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Military Satellite Communications Directorate

From Wikipedia, the free encyclopedia

Military Satellite Communications Directorate
Military Satellite Communications Systems Directorate.png
Active19??–Present
CountryUnited States
BranchUnited States Space Force
Part ofSpace and Missile Systems Center
Garrison/HQLos Angeles Air Force Base, California

The Military Satellite Communications Directorate is a United States Space Force organization headquartered at Los Angeles Air Force Base, California. It is one of several wings and other units that make up the Space and Missile Systems Center (SMC).

Mission

The MCSW develops, acquires, and sustains space-enabled, global communications capabilities to support national objectives.[1]

Organization

MCSW has five groups and one squadron which deliver three primary Satellite Communications (SATCOM) product lines:

The Protected Communications Group provides the United States Department of Defense (DoD) survivable, global, secure, protected, jam-resistant communications for high priority military ground, sea, and air assets. The group provides operations and sustainment support to the on-orbit Milstar Communications satellite constellation. In addition, the group executes the $6.7B Advanced Extremely High Frequency (AEHF) and $1.2B Enhanced Polar SATCOM (EPS) programs. The user equipment or terminals for the DoD protected communication systems in the currently operational Milstar Command Post Terminal (CPT) and $3.2B Family of Advanced Beyond-Line-of-Sight Terminals (FAB-T) development program.

The Wideband Communication Group provides worldwide, high-volume, voice and data communications to the warfighter.[who?] The group provides operations and sustainment support for the on-orbit Defense Satellite Communications System (DSCS) constellation. In addition the group executes the $1.9B Wideband Global SATCOM system (WGS) and $0.9B Global Broadcast Service (GBS). Wideband communication terminals include the Ground Multi-band Terminal (GMT), the High Data Rate - Radio Frequency (HDR-RF) ground terminal program which is an evolutionary upgrade to the GMT, and the FAB-T Increment 2.

The Transformational Satellite Communications System (TSAT) was the DoD's future MILSATCOM System. The $24.0B TSAT system was meant to provide real-time connectivity of all Global Information Grid (GIG) assets; provide Battle Command-On-The-Move capability for Small Mobile Units; worldwide persistent connectivity of high/low resolution Intelligence Surveillance and Reconnaissance; and survivable communications for Strategic Forces. The TSAT program office consisted of the TSAT Network Integration Group, the TSAT Space Group and the TSAT Mission Operations Group. Currently, this program appears to have been canceled.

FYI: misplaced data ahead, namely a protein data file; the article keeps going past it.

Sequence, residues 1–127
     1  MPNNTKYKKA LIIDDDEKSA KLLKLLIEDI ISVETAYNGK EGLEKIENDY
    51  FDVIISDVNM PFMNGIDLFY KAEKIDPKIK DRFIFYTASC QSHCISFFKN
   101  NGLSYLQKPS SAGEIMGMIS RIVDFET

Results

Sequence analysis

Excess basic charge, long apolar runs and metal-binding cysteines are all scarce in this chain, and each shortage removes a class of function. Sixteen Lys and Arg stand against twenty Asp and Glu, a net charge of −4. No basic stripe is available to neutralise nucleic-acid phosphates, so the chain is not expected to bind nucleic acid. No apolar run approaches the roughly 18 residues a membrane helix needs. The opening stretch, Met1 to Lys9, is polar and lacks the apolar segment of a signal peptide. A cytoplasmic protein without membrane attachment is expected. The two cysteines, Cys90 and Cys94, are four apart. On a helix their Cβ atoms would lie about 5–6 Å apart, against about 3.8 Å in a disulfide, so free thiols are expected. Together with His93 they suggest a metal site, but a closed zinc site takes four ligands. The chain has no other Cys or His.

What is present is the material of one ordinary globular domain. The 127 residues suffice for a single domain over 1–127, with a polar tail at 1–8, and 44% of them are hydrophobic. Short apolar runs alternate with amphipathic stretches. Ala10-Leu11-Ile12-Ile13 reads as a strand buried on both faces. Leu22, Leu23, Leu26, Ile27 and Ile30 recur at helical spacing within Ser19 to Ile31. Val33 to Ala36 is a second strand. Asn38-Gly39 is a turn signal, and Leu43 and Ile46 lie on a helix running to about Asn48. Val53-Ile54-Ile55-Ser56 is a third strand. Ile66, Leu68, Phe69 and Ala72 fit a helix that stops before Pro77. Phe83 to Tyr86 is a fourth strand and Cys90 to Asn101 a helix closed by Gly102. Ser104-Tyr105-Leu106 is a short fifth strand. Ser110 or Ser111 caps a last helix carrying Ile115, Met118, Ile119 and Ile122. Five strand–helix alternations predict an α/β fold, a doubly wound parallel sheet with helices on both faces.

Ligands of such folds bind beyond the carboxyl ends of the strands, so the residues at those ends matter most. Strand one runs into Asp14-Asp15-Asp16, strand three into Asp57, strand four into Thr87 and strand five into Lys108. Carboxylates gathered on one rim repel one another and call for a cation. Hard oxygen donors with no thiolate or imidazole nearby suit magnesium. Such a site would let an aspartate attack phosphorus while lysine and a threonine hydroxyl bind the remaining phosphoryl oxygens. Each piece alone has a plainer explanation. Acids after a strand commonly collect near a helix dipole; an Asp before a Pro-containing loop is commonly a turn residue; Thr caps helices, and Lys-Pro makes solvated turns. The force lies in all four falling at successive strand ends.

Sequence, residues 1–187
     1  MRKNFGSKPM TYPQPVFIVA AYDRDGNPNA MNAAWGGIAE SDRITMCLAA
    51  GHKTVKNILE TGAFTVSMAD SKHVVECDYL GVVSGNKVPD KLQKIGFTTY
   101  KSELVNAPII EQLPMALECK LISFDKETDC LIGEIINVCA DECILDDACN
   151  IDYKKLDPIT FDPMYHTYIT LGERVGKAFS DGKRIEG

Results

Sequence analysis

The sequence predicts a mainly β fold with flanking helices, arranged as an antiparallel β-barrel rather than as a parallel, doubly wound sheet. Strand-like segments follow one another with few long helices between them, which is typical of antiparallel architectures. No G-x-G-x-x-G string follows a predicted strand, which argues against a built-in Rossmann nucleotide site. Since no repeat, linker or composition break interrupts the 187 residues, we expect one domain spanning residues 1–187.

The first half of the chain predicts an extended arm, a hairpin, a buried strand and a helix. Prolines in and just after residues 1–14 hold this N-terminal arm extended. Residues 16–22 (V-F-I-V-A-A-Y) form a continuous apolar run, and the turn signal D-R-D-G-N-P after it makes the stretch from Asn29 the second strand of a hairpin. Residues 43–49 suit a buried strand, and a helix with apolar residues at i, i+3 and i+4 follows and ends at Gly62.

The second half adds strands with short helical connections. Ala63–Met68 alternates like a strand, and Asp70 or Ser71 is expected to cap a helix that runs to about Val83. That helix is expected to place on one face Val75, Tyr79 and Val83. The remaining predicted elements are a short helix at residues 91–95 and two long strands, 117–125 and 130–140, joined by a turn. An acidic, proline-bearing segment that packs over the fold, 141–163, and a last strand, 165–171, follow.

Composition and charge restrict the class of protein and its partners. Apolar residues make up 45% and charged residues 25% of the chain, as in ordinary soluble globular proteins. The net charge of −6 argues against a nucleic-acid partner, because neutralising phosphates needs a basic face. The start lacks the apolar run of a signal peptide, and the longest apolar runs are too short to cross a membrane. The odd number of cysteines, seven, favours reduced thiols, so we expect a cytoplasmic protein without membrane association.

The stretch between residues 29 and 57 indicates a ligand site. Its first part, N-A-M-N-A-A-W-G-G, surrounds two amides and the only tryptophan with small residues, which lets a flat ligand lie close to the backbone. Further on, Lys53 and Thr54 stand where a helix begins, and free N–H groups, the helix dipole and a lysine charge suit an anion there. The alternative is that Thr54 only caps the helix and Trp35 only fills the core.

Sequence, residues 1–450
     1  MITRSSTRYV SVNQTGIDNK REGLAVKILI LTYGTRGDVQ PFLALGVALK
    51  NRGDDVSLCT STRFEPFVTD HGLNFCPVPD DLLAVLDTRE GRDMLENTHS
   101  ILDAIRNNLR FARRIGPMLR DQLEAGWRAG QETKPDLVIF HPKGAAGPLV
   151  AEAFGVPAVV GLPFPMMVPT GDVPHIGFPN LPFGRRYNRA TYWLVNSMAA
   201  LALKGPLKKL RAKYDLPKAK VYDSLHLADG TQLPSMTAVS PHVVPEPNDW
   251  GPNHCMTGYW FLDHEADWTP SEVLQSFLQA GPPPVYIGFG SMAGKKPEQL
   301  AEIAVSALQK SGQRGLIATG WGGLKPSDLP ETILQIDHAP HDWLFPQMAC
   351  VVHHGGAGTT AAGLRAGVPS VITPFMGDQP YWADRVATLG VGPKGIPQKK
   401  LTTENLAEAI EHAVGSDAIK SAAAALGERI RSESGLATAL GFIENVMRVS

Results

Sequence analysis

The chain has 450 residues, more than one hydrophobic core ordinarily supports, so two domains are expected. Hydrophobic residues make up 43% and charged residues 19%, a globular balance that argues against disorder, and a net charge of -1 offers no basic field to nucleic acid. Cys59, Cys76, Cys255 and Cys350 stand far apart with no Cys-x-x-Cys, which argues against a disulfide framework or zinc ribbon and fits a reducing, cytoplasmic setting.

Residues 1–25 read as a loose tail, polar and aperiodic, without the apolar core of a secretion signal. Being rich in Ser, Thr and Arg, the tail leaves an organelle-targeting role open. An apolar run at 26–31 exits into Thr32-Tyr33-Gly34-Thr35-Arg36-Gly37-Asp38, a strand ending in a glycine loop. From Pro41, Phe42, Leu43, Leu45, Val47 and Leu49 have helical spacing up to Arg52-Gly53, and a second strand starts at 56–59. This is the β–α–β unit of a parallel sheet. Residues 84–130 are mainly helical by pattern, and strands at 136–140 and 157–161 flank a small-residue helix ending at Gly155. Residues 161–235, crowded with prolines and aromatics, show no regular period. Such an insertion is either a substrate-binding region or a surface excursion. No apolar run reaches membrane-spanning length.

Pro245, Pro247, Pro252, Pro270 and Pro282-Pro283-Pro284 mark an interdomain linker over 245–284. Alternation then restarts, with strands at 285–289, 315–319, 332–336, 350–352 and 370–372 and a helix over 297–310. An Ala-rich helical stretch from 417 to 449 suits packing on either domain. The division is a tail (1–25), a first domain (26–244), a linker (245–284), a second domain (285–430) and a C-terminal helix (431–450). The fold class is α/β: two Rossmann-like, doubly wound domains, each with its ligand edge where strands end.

Satellite command and control system development for all MILSATCOM systems is the responsibility of the MILSATCOM C2 Squadron. The squadron directs the Command and Control System-Consolidated (CCS-C) program, the command and control system of record for Milstar, DSCS, and WGS satellites currently on-orbit. Ultimately, CCS-C will control over 26 military communications satellites across four families, including DSCS; Milstar; WGS; and AEHF System, using state-of-the-art commercial telemetry, tracking and commanding (TT&C) technology.[1]

History

Previously known as the MILSATCOM Joint Program Office (MJPO), the Space & Missile Systems Center established the MILSATCOM Systems Wing on 1 August 2006. The team is made up of joint-service military, government civilians, The Aerospace Corporation, MITRE, MIT Lincoln Laboratory, Systems Engineering and Technical Assistance (SETA), National Security Agency (NSA), MCSW's industrial partners and the contract work force that support them.[1]

References

  1. ^ a b c Los Angeles Air Force Base Fact Sheet, SMC Public Affairs, 2008, archived from the original on 2008-04-27

External links

This page was last edited on 17 May 2021, at 19:51
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